[00:05:16] Promote and develop people who can implement the vision or implement the future state. This goes back to our culture discussion. We want to reward the kind of behavior that's going to to underline the kind of culture that that that God is calling us to create. So promote and develop people who can implement this vision. It's interesting. This is an important one. Reinvigorate the process with new projects. Uh, it's it's it's kind of interesting when you start a change initiative. Sometimes if. If we stay too long in one space, people put all their energy into that one space. And one of the one of the devices that can be used is create new spaces so that it it continues to keep people moving and gives people the the the assurance that we're going to get there. Um, sometimes we we make the step of stopping because we, we sometimes get that that feeling all we we just don't have this quite right. And in the change initiative sometimes it's important to initiate new projects, even if the, if the one that we're working on isn't shored up imperfect altogether yet. And then finally anchor new approaches in the culture, institutionalize the connections between you of new behaviors and church effectiveness. And the the way we do that is by the people that we choose to develop as leaders and to carry the the this the church into the future. That's the major way is identifying leaders who can carry the church into the future under that under that change initiative. That's how we anchor the new approaches and and remember the five mechanisms, five primary mechanisms for organizational culture. If you remember these I don't know if you can remember what we measure, how we respond to crisis.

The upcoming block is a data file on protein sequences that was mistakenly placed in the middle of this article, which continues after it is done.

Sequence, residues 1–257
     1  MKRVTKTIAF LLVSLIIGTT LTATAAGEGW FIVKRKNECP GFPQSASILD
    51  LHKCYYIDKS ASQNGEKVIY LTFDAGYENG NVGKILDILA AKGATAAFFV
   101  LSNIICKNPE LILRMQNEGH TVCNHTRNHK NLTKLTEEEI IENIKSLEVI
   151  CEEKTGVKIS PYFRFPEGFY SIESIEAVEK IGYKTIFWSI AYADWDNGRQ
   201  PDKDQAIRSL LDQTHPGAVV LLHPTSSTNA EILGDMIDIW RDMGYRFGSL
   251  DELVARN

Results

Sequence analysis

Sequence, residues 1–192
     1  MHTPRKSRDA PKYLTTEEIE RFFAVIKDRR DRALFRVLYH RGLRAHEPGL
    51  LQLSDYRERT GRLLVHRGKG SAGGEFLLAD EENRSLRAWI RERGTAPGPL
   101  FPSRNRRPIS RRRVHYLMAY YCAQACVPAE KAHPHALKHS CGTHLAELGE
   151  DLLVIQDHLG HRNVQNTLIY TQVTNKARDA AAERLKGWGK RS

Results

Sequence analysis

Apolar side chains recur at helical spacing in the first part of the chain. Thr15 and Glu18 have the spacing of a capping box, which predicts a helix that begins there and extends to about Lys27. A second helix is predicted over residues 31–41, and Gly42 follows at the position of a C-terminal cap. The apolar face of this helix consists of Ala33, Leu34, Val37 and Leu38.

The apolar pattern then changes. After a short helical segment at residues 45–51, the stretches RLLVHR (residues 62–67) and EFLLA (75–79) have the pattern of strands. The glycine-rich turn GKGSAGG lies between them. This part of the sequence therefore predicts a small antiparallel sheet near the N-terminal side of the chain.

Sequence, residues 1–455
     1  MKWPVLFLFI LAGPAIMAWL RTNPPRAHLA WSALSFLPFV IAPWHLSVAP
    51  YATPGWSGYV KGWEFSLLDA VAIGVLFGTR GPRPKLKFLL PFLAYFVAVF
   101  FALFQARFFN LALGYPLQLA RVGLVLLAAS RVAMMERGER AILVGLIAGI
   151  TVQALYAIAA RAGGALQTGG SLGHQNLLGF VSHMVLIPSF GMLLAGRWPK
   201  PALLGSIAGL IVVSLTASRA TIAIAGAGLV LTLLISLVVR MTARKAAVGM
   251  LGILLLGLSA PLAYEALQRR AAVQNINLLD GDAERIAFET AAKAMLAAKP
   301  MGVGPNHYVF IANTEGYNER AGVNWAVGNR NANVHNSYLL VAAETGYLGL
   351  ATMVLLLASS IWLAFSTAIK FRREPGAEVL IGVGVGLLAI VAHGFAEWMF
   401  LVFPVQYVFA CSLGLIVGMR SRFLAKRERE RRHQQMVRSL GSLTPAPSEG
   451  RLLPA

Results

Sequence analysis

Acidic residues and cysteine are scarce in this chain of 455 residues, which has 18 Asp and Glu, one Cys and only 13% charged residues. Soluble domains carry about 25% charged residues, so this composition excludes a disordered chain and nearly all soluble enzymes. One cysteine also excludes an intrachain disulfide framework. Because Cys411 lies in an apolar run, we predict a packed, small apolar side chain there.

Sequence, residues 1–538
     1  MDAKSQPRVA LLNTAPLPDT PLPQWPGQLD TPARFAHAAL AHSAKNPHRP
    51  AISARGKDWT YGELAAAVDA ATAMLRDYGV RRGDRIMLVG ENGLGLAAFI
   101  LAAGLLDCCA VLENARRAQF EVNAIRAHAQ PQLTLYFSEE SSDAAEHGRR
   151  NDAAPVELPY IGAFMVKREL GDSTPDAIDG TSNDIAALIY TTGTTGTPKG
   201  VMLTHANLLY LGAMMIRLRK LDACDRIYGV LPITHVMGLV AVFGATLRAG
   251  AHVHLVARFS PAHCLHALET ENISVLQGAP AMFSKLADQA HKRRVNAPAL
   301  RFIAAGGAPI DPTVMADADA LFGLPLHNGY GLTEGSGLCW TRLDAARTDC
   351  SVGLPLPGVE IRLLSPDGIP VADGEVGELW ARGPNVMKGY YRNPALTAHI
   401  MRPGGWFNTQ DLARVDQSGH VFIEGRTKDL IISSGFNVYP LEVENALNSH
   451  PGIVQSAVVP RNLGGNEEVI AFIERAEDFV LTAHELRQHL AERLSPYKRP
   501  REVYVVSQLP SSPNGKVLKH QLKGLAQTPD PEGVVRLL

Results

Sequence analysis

[00:07:26] Remember, these are what we tend to reward, how we use our resources and what we model and teach. So if you go back to your study on organizational culture, those devices, those those mechanisms, those handles, if you will, are the key handles to anchor these new approaches within the church culture. And the studies would suggest that people become more open to change as change is handled well through these kinds of processes. If it's handled poorly, people tend to resist it the next time it comes around. So again, it's important to establish this kind of an approach that that really lends itself to to more effective. There's no guarantees. I want to I want to just conclude here by stating that there are. Having said all this, there are probably in rare occasions times in which. Leaders are called to bring about change. When all the odds are against them. And I think of Jesus himself. He instituted change, but he ended up going to the cross and it looked for all the world as if he had failed. But it's about what happened after the cross that made the difference. There are there are great stories about people tackling change, knowing full well that perhaps their change, if all is equal, if the human factors are lined up, and that the odds are just not very good that these things are going to happen. But they did them anyhow because they believed with all of their hearts before God that this was the right thing to do, recognizing that probably they will pay a huge price and a penalty for that. There are the rare, rare occasions where that is is the the calling of individuals. So I just want to say that as a as a final statement, because having said all this, this is hopefully a helpful way in in most change initiatives to walk a collective through it in a God honoring way.